I read an article in the Times today by Frank Rich that made me want to take a little sidebar from my writings on history and address current events.
The article points out that most Republicans who were once fierce opponents of gay rights are now distancing themselves from the 'Don't Ask, Don't Tell' debate. The article reasons that attitudes in the last 20 years have changed regarding gays and that it would not be politically expedient for the Republicans to retreat to tired social arguments when they're trying to attract independent voters who might identify with their fiscal responsibility and small government message.
Frank Rich points out that the arguments about troop cohesion, morale etc. being damaged by by the inclusion of gays in the military were all the same ones that were used in the 50's when Truman ordered the integration of the Army.
This got me thinking about the weight of history that some of the conservative leaders must surely feel bearing down on them. Gays and Mexicans (illegal immigrants) might be some of the last acceptable targets of borderline bigotry to score political points, but it won't be that way forever. Surely Orrin Hatch and gang must know that with the momentum of acceptance of gays in America, if they make a strong stand against eliminating this bias, in twenty years, their biographers will be writing things like "it was a different time...", "he also did some good things" etc.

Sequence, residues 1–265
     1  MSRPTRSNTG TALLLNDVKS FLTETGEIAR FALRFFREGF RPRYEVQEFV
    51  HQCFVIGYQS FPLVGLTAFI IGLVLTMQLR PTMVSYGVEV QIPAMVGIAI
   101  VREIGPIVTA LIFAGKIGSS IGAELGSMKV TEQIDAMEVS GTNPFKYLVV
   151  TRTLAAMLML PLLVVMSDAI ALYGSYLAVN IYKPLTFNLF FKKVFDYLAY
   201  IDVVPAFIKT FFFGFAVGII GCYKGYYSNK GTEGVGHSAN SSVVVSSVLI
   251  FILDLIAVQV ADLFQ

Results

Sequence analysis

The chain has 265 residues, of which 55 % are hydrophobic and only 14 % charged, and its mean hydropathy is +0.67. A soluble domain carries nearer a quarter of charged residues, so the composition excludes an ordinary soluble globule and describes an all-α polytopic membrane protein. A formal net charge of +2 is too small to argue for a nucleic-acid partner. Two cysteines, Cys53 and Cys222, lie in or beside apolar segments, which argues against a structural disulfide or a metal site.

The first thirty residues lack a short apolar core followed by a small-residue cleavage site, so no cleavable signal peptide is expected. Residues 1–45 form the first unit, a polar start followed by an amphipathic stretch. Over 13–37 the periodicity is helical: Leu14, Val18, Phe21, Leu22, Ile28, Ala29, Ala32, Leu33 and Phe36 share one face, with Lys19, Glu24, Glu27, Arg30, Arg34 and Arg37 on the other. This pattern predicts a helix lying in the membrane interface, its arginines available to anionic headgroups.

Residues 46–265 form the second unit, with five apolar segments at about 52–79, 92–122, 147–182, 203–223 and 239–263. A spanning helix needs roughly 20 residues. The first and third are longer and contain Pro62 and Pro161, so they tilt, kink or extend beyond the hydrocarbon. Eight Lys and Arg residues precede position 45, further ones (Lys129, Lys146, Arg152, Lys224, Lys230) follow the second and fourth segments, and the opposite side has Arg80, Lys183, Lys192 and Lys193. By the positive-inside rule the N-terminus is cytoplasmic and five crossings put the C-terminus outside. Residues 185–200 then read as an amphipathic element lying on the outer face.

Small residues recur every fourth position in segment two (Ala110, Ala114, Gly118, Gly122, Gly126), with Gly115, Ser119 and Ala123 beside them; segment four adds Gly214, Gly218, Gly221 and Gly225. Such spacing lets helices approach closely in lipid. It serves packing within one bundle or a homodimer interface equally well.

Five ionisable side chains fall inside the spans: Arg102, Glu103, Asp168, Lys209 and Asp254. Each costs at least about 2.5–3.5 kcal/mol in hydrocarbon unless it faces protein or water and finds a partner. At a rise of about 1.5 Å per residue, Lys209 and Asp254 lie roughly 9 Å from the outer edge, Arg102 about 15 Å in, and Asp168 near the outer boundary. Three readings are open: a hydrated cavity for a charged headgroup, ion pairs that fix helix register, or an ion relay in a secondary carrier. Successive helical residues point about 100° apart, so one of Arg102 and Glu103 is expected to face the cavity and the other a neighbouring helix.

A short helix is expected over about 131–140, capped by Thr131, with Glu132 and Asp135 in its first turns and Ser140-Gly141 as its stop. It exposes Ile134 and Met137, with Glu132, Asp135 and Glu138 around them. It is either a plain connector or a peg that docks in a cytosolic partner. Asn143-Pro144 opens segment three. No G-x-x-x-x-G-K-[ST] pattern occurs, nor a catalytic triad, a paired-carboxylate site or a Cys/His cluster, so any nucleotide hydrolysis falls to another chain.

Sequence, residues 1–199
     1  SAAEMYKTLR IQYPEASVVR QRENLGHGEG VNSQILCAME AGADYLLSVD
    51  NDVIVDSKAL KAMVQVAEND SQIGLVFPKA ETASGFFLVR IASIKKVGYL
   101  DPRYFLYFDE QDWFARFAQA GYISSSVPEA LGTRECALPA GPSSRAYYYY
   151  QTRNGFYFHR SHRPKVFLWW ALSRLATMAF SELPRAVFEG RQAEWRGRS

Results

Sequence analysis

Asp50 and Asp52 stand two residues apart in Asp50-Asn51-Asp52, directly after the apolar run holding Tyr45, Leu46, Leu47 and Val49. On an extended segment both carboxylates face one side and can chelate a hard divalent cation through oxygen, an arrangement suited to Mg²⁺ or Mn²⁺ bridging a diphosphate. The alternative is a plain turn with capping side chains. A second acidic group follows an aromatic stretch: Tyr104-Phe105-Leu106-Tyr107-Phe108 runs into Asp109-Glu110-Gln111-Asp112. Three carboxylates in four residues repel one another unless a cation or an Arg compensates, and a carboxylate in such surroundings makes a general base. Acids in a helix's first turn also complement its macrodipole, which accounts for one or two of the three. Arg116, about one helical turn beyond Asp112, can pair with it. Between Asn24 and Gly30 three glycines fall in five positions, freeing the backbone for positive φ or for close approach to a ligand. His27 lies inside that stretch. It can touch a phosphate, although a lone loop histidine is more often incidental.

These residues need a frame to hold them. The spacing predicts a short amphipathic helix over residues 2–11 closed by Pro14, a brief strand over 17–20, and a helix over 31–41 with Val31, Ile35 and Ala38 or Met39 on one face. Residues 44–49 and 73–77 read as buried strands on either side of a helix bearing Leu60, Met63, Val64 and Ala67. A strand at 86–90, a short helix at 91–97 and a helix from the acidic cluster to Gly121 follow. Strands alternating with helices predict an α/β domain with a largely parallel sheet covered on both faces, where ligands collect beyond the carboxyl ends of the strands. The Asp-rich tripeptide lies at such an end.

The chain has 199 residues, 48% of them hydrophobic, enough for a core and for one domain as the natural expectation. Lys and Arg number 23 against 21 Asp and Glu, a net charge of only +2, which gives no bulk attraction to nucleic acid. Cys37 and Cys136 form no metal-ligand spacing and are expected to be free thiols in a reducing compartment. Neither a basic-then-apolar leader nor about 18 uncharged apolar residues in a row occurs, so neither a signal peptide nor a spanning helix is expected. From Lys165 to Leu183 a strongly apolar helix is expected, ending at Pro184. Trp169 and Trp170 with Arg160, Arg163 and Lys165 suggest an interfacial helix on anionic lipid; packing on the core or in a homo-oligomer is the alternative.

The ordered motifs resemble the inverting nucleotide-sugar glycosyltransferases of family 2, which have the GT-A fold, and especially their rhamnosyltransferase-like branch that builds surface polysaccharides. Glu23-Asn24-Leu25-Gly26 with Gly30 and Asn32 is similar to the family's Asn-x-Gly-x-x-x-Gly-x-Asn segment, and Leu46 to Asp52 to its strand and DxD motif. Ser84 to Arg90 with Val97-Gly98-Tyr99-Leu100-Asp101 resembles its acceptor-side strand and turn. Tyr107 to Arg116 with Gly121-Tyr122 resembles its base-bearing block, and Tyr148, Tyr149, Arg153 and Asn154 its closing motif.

It also made me think about how uncontroversial the idea of not forcing military gays to be closeted is vs. the idea of allowing blacks into the Army in the 1950's. In the 1950's, a black person had to drink out of a separate water fountain in many parts of this country and could literally be LYNCHED for looking at the wrong white person's wife. Southern Whites made up a large percentage of the Army and certainly needed to be forced into this arrangement.
Gays on the other hand, although they face some overt discrimination, are overall allowed to freely travel where they want throughout the country, work where they want and go to school where they want. It's more and more obvious that this and the marriage issue are going to be resolved for good in our generation's lifetime and that those that stand in the way will look worse and worse when the history books on this period are written.